• Scott
    Hey guy, I have a customer wanting a set of kitchen knives for his wife. She was a chef for 13 years. She is wanting a set of Japanese inspired knives. I have done a bit of reading about the differences between Japanese cooking knives and European cooking knives. My question is. What are your guys experiance with the 2 different knives and what are the major differences?
  • Ross Vosloo
    traditional Japanese tend to have chisel grinds vs full flat or s grinds on western knives. they were usually hidden tangs as well with simple octagonal handles with a bolster of some kind. and then of course theres the actual shape of the knives themselves.

    of course im generalizing here, and there have been so many different constructions used. nowadays Japanese knives are being made full tang and with more western shapes and grinds as well.
  • Smith Knifeworks
    I generally take " Japanese" to mean thin and hard. It depends on where they're drawing their reference point from. It could be as simple as, in the customer's eyes, a Shun knife is Japanese and a Wustof knife is European. That's a fairly surface-level differentiation, but it may be as deep as their knife knowledge goes.

    Japanese knives tend to have an intended use and design. Debas are fish knives, A Funayiki is a general purpose or fisherman's knife, a Yanagiba is a single bevel slicing knife almost always used for sushi prep. A Gyuto is a "beef sword." A Honesuki is a poultry boning knife. You get the idea.

    The Western world has knives for specific use, obviously, but they tend to be fairly different in idea and design than their Japanese counterpart. Japanese stuff, traditionally, was almost always some sort of laminated construction, often single bevel. Hard core, soft cladding. The core steel is usually very hard carbon steel with the outer cladding being soft "mild" steel or "soft iron."

    Japanese stuff is traditionally ground on a big rotating, circular water stone. So, by default, the knives tend to be ever so slightly hollow ground. This makes a difference on the single bevel knives like a Deba and a Yanagiba and on double bevel knives, like a gyuto, it allows you to get very thin behind the edge without taking the grind line up to the spine.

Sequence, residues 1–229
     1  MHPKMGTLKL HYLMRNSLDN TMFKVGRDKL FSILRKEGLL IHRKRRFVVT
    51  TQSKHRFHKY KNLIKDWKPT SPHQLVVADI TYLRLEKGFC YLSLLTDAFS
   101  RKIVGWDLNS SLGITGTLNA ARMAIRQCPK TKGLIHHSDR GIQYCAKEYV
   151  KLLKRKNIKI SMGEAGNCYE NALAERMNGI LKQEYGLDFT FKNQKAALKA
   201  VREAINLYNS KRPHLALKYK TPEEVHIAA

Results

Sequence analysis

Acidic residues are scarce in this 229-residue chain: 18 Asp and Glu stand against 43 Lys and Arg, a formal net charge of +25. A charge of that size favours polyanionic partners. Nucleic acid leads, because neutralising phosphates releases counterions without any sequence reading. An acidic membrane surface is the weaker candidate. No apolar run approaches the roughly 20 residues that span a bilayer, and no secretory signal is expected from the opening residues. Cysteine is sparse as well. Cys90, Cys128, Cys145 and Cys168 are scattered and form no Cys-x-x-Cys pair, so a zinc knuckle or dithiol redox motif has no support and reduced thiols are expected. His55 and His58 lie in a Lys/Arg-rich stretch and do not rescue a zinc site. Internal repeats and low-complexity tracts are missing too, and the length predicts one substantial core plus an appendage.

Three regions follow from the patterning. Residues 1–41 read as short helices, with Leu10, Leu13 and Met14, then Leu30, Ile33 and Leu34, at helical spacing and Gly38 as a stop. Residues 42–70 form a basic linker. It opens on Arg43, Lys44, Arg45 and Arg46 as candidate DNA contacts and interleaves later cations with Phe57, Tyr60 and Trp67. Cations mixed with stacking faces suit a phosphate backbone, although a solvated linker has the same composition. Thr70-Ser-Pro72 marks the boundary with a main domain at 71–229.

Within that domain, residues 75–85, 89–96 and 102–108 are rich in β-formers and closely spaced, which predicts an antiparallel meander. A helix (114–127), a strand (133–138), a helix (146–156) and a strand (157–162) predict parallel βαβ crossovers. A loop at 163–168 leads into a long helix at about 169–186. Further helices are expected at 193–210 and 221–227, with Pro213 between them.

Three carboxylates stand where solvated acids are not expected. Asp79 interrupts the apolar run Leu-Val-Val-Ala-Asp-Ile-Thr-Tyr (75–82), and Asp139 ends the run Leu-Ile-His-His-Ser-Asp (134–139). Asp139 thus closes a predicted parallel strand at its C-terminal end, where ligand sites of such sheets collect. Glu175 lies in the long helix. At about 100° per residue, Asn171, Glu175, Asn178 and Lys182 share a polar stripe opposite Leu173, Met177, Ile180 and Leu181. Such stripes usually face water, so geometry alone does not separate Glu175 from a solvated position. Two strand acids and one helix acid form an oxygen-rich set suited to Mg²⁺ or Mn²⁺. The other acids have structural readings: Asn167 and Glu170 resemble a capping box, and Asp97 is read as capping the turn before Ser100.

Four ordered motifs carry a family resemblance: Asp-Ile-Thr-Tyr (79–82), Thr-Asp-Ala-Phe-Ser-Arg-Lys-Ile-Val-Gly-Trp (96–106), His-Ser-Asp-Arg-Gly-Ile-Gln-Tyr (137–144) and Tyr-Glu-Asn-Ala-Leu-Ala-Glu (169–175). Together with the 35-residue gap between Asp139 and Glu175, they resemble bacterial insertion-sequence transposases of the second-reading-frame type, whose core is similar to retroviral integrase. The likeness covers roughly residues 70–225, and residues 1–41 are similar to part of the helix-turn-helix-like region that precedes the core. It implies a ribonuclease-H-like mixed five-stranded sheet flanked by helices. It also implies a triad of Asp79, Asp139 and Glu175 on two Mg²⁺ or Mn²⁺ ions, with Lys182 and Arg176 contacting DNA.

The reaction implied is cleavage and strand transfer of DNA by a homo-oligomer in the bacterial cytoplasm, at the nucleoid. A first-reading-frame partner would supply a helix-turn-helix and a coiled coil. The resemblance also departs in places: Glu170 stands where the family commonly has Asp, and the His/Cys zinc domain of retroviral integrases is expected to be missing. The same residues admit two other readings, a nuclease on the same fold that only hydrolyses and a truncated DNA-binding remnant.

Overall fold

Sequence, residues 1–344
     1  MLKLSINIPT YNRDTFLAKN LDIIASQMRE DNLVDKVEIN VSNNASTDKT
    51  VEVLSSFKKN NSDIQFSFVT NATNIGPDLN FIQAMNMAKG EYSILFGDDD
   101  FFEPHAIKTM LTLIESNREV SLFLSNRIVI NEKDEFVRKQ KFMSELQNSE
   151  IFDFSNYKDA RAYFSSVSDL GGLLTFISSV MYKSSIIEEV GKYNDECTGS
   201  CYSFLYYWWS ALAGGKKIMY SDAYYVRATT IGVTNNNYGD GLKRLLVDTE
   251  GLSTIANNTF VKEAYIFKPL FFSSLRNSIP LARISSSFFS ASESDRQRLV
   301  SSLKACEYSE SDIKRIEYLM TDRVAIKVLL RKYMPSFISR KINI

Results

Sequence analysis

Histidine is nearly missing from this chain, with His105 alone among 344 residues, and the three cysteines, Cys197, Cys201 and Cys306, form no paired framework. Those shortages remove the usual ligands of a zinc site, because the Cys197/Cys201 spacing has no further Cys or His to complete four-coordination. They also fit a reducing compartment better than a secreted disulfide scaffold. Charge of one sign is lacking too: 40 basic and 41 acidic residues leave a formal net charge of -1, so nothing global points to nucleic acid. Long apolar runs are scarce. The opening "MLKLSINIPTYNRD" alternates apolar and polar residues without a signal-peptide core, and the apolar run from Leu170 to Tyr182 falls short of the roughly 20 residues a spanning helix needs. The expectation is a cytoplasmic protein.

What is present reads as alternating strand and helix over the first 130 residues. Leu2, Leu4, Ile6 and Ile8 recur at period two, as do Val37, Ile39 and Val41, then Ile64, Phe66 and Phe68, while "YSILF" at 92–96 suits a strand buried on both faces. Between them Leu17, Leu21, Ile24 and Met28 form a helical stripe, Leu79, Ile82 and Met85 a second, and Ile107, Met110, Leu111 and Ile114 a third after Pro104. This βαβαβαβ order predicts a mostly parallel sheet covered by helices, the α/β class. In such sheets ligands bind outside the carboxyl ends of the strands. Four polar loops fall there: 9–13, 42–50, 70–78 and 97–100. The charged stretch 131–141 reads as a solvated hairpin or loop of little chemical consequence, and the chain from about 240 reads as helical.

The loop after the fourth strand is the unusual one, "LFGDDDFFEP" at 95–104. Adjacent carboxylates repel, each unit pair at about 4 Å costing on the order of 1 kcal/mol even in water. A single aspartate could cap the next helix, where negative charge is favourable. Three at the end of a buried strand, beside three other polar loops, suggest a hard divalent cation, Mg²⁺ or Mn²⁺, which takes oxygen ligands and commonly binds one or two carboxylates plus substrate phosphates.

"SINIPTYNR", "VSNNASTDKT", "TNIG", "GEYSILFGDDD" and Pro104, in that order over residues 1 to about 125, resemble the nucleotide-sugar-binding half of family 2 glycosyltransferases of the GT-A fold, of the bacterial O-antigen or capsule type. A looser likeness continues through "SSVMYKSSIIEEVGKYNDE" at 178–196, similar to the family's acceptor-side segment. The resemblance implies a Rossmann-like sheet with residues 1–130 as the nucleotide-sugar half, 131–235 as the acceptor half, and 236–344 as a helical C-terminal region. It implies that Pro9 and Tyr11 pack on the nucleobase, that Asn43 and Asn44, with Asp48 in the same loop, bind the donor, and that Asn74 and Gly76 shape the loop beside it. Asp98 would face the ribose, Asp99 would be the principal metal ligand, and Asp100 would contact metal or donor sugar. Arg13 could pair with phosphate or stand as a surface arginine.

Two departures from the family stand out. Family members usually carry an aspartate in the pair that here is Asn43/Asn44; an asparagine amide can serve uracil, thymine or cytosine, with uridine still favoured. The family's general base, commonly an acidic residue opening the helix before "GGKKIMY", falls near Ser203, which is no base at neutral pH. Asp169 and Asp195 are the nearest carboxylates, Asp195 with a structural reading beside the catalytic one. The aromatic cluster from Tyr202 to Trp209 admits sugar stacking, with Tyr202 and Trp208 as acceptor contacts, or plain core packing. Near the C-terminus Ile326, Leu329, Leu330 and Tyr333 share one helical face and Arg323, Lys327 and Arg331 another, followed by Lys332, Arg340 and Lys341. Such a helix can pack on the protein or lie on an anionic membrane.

It's sorta as in-depth as you want it to be. I'd ask them some more questions about what they're looking for.
  • Matthew Lee
    Might be throwing stones in this crowd but personally I have never been a fan of the feel of American/European style chef knives in particular. Possibly with the exception of the French chef knife but have no experience using one. I am also no where near “chef” level so take my opinion with a grain of salt. But as Smith Knifeworks was saying there is a strong connection between form and function in Japanese cutlery. The idea behind japanese cutlery design is that the right knife for the task performs that task better than any other knife can. Most American and European chef knives try to be good at a lot of things and end up being just that, good at a lot of tasks but not the best at any (which to me makes them less fun to use, despite being more efficient). That means though when you choose which knives to include in a set of Japanese knives you need to make sure you have enough variety to cover the necessary motions or functions that someone would want to perform with a typical chef knife.
    As far as a list, my ideal block would have the following in it:
    For slicing my favorite is a slightly curved kiritsuke (or a flatter k tip gyuto depending on how you want to describe it) because it allows the majority of the blade to be in contact with the food while a little belly helps with with the cutting performance.
    For chopping and push cuts like julliening peppers it’s hard to beat a nakiri, especially on something like loose herbs that like to stick to everything. (My go to knife for most tasks)
    For rock-chopping the santoku is a favorite of many (personally not a fan but that’s my own beef lol)
    Then you have your smaller petty knife for small veggies and such but is still usually designed with a slope that can be used on a cutting board as far as I’m aware. I don’t have one though.
    A utility knife is probably the one exception to the specific form for specific function that I would add
    Filet, boning, paring and bread knife (not exclusive profiles, but necessary)

    And as far as “Japanese inspired” knives go, I would ask if they want a traditional style wa handle, a more ergonomic D shaped handle or some sort of western handle. And for the bevels, I have never owned a single bevel knife to speak from experience, but I have heard they can be very difficult to sharpen, which is a considering factor

    Hope this actually helps and wasn’t just rambling garbage lol
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